We had set off early on Friday for the meeting in Great Hucklow for the workshop we are running there in April. We had arranged access to the rooms we will be using for some last minute measuring. We were also to meet with that legendary figure known only as Charles James Fox. Being rather too early, we followed our customary procedure and took a detour through the villages of Eyam and Foolow before climbing through the mists towards the Barrel Inn, from where you can see for miles on a clear day.
“Whoa…” I braked as I spotted what had elicited the exclamation from my passenger… and passed him the camera in haste, letting down the window in the hope of getting at least one shot before the kestrel flew away. It didn’t. The little falcon, just a few feet away from the car, seemed entirely unworried by our presence, allowing Stuart to snap away for several minutes before it flew to a nearby tree to preen and watch its watchers.
Our sole focus for a long time now has been the workshop and this would be our final meeting before the event. As we drove on up the ridge, buzzing with the feathered encounter, we felt that we had been given a silent seal of approval. These birds have a very special place in our hearts.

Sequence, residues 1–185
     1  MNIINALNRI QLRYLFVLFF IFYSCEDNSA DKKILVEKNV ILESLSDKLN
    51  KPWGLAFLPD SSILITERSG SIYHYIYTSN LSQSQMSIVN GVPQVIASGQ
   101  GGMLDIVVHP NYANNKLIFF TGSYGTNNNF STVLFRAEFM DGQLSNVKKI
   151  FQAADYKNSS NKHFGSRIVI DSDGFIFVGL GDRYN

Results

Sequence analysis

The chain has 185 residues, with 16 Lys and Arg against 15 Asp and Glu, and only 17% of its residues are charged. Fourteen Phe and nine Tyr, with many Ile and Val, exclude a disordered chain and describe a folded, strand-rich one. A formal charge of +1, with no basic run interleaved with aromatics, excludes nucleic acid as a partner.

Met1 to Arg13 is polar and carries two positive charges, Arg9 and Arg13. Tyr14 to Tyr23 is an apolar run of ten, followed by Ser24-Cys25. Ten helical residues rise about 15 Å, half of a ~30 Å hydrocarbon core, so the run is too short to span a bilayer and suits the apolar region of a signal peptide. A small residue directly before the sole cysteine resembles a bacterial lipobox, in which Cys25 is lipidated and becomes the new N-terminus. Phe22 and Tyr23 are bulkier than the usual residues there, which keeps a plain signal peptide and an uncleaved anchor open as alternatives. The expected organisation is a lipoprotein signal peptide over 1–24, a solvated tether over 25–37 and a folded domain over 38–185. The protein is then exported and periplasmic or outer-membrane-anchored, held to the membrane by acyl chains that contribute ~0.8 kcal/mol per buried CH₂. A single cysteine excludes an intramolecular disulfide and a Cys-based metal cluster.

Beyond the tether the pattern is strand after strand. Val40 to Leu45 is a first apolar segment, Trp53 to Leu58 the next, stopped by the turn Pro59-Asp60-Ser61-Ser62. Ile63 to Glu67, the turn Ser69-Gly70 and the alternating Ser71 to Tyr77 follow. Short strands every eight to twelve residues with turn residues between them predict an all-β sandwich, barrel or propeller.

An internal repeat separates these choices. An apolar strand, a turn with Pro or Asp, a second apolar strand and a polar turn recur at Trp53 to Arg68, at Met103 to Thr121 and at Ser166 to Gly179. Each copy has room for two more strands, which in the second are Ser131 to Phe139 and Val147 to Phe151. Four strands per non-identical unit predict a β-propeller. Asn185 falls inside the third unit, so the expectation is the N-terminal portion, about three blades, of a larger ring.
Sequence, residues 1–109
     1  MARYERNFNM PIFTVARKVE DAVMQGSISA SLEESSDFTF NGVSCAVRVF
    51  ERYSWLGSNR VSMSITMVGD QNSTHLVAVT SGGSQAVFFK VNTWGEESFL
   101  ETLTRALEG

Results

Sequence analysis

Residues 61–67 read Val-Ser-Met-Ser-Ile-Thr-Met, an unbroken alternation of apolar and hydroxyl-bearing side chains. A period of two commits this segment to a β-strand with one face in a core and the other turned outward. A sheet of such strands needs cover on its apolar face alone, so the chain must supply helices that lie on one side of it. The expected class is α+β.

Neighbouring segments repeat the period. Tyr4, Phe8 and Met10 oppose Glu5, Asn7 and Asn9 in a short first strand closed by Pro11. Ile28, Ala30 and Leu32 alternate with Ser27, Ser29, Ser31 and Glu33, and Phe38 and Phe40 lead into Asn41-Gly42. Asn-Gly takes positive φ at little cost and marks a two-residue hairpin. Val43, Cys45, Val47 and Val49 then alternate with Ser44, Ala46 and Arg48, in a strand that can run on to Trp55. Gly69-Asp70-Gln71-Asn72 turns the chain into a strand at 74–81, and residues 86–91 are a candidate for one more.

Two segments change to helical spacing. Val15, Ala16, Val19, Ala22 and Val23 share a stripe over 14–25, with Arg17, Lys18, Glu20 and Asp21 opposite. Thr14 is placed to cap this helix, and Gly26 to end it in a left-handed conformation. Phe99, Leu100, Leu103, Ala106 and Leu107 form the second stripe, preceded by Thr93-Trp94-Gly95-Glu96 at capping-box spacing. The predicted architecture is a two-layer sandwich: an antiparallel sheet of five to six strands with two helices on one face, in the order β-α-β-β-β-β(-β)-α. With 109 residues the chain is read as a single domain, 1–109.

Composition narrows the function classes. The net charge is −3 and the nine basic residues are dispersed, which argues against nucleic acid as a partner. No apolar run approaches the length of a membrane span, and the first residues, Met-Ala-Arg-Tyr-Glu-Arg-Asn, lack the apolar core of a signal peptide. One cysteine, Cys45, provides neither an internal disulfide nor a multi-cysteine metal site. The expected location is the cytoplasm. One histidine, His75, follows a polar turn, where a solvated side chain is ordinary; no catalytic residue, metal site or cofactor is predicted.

There would be no panoramic view though from the Barrel this time. The old inn was shrouded in mists swallowed the vista completely and it was a silent, surreal place, knowing what lay beneath the low-playing clouds. Even the bar, busier than usual at this time of morning, had a timeless feel as we drank coffee and nibbled at a second breakfast.
There wasn’t long to wait though before we headed down to the rendezvous with the enigmatic Mister Fox who prowled the dancing ground, nodding approval. All was well… very well in fact, in spite of the apparent misery of a dejected pheasant. There would be music and flames in the night…
Little by little the group assembled, pacing out placements, visualising settings and finalising details. It is hungry work though… and thirsty… and the Queen Anne has been serving those who labour for many a century. There was only one thing for it… The companions of the Silent Eye and Mister Fox went hunting for lunch. Mind you, we still had an afternoon left for exploring….